Parishville-Hopkinton Central graduate running from Baltimore to San Francisco
Sunday, February 4, 2018 - 5:11 pm


PARISHVILLE — A Parishville-Hopkinton Central graduate will run from San Francisco to Baltimore in 49 days to raise money for The Ulman Cancer Fund for Young Adults.

Brianna Hayes, a 2014 graduate, chose to run to help raise awareness and money for a cause that hits close to home for her.

“There is a lot of cancer within my family,” she said.

Hayes, who has three sets of grandparents, says all three of her grandmothers have been diagnosed with various forms of cancer, including breast, ovarian and Lymphoma.

Hayes said a relationship she had with her high school soccer coaches’ son also drove her to want to join the 4K for Cancer.

Hayes, now a senior at Ithaca College, will join a team of 25-30 other college-aged runners in their quest across the country. She hopes to raise at least $7,000. To donate, visit

Hayes said money can be raised through bake sales, dinners and t-shirt sales.

Teams are hosted by local communities, in schools, churches, and community centers, where they have a chance to interact with their hosts and share their cancer connections.

This helps offset costs related to housing and meals. The only cost for runners is gas for a vehicle that carries all of their supplies. All donation money goes to the foundation, Hayes said.

Funds are used for scholarships for young people impacted by cancer. For example, if a child’s mom has cancer the youth could use money to pay bills or even toward education.

“The center provides resources, help people navigate the cancer community and provides stays in treatment centers at no cost,” Hayes said.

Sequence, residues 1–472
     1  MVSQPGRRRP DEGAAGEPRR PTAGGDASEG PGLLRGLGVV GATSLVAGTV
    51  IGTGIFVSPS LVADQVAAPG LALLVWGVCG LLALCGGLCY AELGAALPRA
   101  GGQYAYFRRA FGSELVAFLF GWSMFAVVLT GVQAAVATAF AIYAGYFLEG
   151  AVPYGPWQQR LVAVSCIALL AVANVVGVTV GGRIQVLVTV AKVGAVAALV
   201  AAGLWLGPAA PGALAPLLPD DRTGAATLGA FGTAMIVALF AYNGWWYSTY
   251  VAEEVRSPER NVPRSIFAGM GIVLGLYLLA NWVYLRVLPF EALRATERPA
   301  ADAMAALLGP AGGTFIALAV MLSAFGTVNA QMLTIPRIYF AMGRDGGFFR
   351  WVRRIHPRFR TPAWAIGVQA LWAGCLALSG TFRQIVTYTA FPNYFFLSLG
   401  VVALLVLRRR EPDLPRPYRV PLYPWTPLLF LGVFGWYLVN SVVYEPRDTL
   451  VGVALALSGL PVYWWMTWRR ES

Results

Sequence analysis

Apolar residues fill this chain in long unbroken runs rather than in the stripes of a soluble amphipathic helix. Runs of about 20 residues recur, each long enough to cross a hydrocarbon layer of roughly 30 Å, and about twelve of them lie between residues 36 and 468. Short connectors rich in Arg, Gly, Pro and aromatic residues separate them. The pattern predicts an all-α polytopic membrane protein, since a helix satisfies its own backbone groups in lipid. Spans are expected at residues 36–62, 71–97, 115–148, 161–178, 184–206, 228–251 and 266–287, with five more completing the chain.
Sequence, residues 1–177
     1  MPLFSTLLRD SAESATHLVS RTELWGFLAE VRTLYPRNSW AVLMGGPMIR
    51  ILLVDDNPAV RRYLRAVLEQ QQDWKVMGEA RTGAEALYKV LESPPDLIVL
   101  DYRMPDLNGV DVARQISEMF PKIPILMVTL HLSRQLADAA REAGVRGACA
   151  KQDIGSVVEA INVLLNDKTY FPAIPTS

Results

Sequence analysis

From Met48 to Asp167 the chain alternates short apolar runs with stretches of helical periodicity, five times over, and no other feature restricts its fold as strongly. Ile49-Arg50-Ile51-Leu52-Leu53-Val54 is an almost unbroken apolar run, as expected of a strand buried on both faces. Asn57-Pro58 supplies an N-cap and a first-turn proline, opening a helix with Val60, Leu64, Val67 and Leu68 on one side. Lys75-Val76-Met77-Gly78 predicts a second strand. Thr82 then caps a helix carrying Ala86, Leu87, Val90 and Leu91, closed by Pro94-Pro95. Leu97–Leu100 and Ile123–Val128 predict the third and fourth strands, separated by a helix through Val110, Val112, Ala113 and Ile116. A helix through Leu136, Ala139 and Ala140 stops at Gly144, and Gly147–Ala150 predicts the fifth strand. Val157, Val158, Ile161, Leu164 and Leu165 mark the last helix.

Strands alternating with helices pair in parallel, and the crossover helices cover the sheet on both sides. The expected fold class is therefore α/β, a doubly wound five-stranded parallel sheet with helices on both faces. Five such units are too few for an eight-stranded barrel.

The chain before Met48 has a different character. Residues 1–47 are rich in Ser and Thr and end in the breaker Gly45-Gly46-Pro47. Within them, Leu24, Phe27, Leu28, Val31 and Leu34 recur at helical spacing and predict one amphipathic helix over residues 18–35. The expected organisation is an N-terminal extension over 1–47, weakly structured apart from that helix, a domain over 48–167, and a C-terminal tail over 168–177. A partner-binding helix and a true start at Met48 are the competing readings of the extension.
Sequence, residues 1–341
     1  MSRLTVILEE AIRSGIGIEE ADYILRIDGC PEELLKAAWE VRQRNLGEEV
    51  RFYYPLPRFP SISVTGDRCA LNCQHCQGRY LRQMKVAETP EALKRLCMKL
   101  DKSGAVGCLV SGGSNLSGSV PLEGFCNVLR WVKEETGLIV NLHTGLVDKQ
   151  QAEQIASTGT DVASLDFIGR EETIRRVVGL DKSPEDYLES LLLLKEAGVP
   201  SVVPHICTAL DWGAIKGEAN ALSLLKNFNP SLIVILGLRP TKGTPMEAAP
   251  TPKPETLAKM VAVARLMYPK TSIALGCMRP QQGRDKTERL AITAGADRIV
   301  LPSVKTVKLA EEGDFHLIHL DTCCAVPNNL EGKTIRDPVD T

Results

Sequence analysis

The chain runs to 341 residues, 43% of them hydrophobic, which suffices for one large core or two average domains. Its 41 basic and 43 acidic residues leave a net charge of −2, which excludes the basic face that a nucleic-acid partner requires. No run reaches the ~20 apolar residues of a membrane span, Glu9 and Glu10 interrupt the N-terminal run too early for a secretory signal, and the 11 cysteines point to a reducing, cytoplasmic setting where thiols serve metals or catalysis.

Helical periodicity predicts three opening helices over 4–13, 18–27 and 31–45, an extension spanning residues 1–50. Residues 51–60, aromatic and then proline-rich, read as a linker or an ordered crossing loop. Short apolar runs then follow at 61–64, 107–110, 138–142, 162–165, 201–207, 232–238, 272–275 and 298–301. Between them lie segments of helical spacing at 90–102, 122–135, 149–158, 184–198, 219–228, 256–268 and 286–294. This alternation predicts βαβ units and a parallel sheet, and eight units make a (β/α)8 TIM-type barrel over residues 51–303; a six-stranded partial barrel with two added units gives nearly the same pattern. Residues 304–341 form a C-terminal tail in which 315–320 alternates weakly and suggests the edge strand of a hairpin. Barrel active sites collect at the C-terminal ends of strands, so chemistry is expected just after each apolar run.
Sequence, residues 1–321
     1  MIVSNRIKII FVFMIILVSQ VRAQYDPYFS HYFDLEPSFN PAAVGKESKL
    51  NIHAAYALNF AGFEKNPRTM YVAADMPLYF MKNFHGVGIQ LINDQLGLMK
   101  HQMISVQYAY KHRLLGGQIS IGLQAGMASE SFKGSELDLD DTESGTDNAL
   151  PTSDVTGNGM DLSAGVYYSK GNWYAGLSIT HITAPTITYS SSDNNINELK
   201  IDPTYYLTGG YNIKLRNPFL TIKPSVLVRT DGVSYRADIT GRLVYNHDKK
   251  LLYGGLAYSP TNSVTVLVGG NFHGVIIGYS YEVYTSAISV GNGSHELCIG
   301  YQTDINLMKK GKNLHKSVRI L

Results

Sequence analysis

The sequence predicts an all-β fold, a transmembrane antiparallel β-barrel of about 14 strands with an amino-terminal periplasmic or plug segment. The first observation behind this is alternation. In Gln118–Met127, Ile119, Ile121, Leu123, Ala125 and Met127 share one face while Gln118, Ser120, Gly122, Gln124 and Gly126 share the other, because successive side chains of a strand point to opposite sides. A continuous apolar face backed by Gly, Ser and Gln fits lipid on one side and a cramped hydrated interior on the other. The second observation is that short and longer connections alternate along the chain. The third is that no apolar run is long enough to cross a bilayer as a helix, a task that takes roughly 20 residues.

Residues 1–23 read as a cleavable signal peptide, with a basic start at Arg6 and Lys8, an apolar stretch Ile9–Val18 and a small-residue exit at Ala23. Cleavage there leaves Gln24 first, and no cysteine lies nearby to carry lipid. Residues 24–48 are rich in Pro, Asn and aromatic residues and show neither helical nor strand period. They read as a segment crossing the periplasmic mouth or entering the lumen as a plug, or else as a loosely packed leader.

Hayes registered early and was able to choose her route, which includes running near the Grand Canyon, Sierra Mountains and Rocky Mountains. “I will get to see these amazing spots,” she said.

Hayes is a member of the track team at her college, but will follow a training regimen offered by Ulman Cancer Fund representatives.

The program details training to complete daily leading up to the 4,500-mile run which takes place June 17 until Aug. 4.

Runners will train each month in various cross-training methods to prepare their bodies for running up to 16 miles each day. The run is completed in a relay style and runners always run in pairs.

Training will build endurance and help runners hopefully avoid injury, Hayes said.

Hayes will double as a trainer and is responsible for tracking weekly training of other runners and will monitor and hopefully prevent any injuries.

When not on the road, rest days are spent visiting local hospitals to offer support to patients and families. Participants also will learn more about cancer treatment during these visits, meeting with doctors, nurses, and social workers.

“We actually get to stop in hospitals, meet doctors and see the strides they are making,” Hayes said.

Along the way, each team also awards two college scholarships to young adults impacted by cancer.

A leading voice in the young adult cancer movement, The Ulman Cancer Fund has been working since 1997 at both the community level and with national partners to raise awareness of young adult cancer issues, and at a local level to ensure that no young adult faces cancer alone.